After a stewards enquiry:
5 out of 5 Stars
Fantasy, Viking period.
Jo Fletcher Books
Bought Thanks to not telling the wife
In the south of Sweden, Adun and Ulfar arejoining forces with Sigurd, Sven and King Jolawer Scot, to go in search of Sweyn Forkbeard. Though they convince the King of the Danes that truce and union is the way forward, they soon discover that safety doesn’t always lie in numbers.
Meanwhile, King Olav Tryggvason is struggling to keep the peace. He’s won the battle against Hakon Jarl, but his men are bored, his food is running out and the local chieftans are descendiong upon his new home, intent on making his life miserable – and short. When faith comes up against family, something has to give.
But evil is all around: it comes on the wind, sweeping down from the cold places. It drives animals mad with fear. It draws black souls to its centre. It warps and twists, and in its frosty footsteps lies the promise of a thrice-long winter…and Ragnarok.
The old gods are preparing for a last fight with Christianity and Viking legends are made real -stalking the earth either preparing for, or bringing, the end of the world.
Swords of Good Men (The Valhalla Saga I) was an absolutely storming first affair. Book two, Blood Will Follow, kind of took its eye off the ball a little. Though, this may say more about me, than the book, however. As I had completely, all the way through reading Swords, failed to notice that it was actually described as a ‘fantasy.’ Where I’d been under the impression that it was for real. There were a couple of points where I thought ‘hmm…’ but got caught up in it all and let it pass. You see, I don’t do fantasy these days. I did a lot when I was younger (until the later Mythago Wood’s disappeared up their own arses), but now, I like my fantasy real. In that, stories set realistically in real periods are fantasy; because what happened is made up. It could have happened, but it most likely didn’t. In that way, all Historical Fiction can be called ‘fantasy,’ in my view.
The first half of Path of Gods, I did have a little bit of a problem getting through, I will admit. It did seem to spend a little too long in the kind of nonsense that Robert Low would just love. Though with extra fantasy. Actually, Robert Low’s last was sometimes more of a fantasy than this one is as a whole. At least it’s not raining all the time here, just snowing. There didn’t seem to be enough information given, to be able to get a total grasp of what was happening and what Snorri wanted to put over and for us to understand. It was hard to keep up with who was who, who wasn’t who, where they were or where they were going. As for who was actually still alive or not and why and why the others, who presumably were alive, didn’t seem to notice, or if they did, not think too much about it, well…I was more than a little puzzled.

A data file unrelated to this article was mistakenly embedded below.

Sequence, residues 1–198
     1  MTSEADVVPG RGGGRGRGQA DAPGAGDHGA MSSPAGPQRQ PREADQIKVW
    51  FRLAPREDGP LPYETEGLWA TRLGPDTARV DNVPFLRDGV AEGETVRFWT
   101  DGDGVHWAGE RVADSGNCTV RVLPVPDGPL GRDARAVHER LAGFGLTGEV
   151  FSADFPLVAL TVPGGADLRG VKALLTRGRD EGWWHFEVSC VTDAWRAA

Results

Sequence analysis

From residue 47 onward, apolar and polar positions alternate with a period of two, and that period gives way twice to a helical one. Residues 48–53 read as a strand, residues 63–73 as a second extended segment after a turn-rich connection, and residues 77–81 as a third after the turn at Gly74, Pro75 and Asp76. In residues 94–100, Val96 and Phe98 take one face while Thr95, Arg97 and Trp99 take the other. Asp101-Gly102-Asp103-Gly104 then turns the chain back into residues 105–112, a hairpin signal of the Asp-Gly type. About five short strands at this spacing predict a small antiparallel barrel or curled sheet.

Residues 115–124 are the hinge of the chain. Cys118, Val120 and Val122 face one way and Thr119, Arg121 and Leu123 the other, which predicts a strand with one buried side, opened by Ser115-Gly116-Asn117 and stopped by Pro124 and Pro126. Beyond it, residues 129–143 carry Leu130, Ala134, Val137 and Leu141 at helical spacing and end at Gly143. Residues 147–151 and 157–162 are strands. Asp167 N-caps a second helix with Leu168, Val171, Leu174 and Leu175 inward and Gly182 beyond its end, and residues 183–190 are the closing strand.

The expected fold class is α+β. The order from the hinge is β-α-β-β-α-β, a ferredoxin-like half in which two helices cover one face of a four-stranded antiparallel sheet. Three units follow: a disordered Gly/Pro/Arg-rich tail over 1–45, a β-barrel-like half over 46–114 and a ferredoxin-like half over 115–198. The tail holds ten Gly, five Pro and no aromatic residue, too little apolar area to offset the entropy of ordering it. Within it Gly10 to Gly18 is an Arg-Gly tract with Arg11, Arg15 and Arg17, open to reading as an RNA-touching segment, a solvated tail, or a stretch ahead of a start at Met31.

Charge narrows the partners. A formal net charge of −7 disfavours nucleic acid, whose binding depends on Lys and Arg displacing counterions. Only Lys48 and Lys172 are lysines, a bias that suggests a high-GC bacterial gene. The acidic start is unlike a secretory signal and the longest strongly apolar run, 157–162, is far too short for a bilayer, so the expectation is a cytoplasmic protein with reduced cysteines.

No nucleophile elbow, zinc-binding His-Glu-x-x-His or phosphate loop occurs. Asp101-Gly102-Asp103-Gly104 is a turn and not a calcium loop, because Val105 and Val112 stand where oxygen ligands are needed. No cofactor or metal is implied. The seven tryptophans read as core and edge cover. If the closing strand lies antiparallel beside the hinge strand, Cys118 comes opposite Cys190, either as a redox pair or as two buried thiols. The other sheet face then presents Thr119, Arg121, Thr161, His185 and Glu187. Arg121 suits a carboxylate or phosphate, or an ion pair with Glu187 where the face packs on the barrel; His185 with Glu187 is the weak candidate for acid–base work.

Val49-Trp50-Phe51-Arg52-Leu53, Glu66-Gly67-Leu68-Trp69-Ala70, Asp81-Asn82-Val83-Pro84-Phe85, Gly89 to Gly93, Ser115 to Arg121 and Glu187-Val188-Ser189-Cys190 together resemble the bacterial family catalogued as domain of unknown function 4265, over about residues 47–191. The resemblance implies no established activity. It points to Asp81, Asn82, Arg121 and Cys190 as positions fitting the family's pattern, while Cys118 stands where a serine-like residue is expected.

Then, around the p100 mark, everything came together. I latched onto the idea I’ve written in the first sentence here – for right or wrong – and suddenly the whole book worked an absolute treat. So much so, I later wondered if I shouldn’t have read the whole thing ‘backwards.’ The second half gave so much meaning, maybe I should have read those passages first, then I’d have understood what was going on in the first half. Though, maybe this uncertainty was exactly what Snorri was after? The snow covering everything, a metaphor for covering up what was going on? The characters not really knowing what was going on around them, or to them, could be the way of seeing why the first sections came over (to me) as they did.
There are some wonderfull battles, excellent passages in and around the forests, the sense of dread, that I can quite imagine the people of the time did have, is, as they say, palpable. The sense of things moving in the background, half glimpsed, at the edge of vision, maybe coming towards you, with a power that is otherworldly and totally beyond your capabilities to physically deal with, is superbly put over. By not being able to completely explain, not wanting to either maybe, the world around them, these people saw nature and natural – or unnatural events – as god’s will, the gods will, if you like. Everything was in place, everything running smoothly, the gods taking care of business…then comes Christianity and destroys it all. That’s the only conclusion I get here. The gods have their final battles (though they may not be finished yet, as I think I saw Snorri say he is commissioned to write further books), their death throws, their last stand. They don’t go quietly into the good night at all – and thinking back on this book and the preceding two, it is my absolute pleasure to have ‘seen’ it all (so far), thanks to Snorri.
Read this, read the others first and I think, by thinking, you’ll get a hell of a lot out of them.
Buy Path of Gods at The Book Depository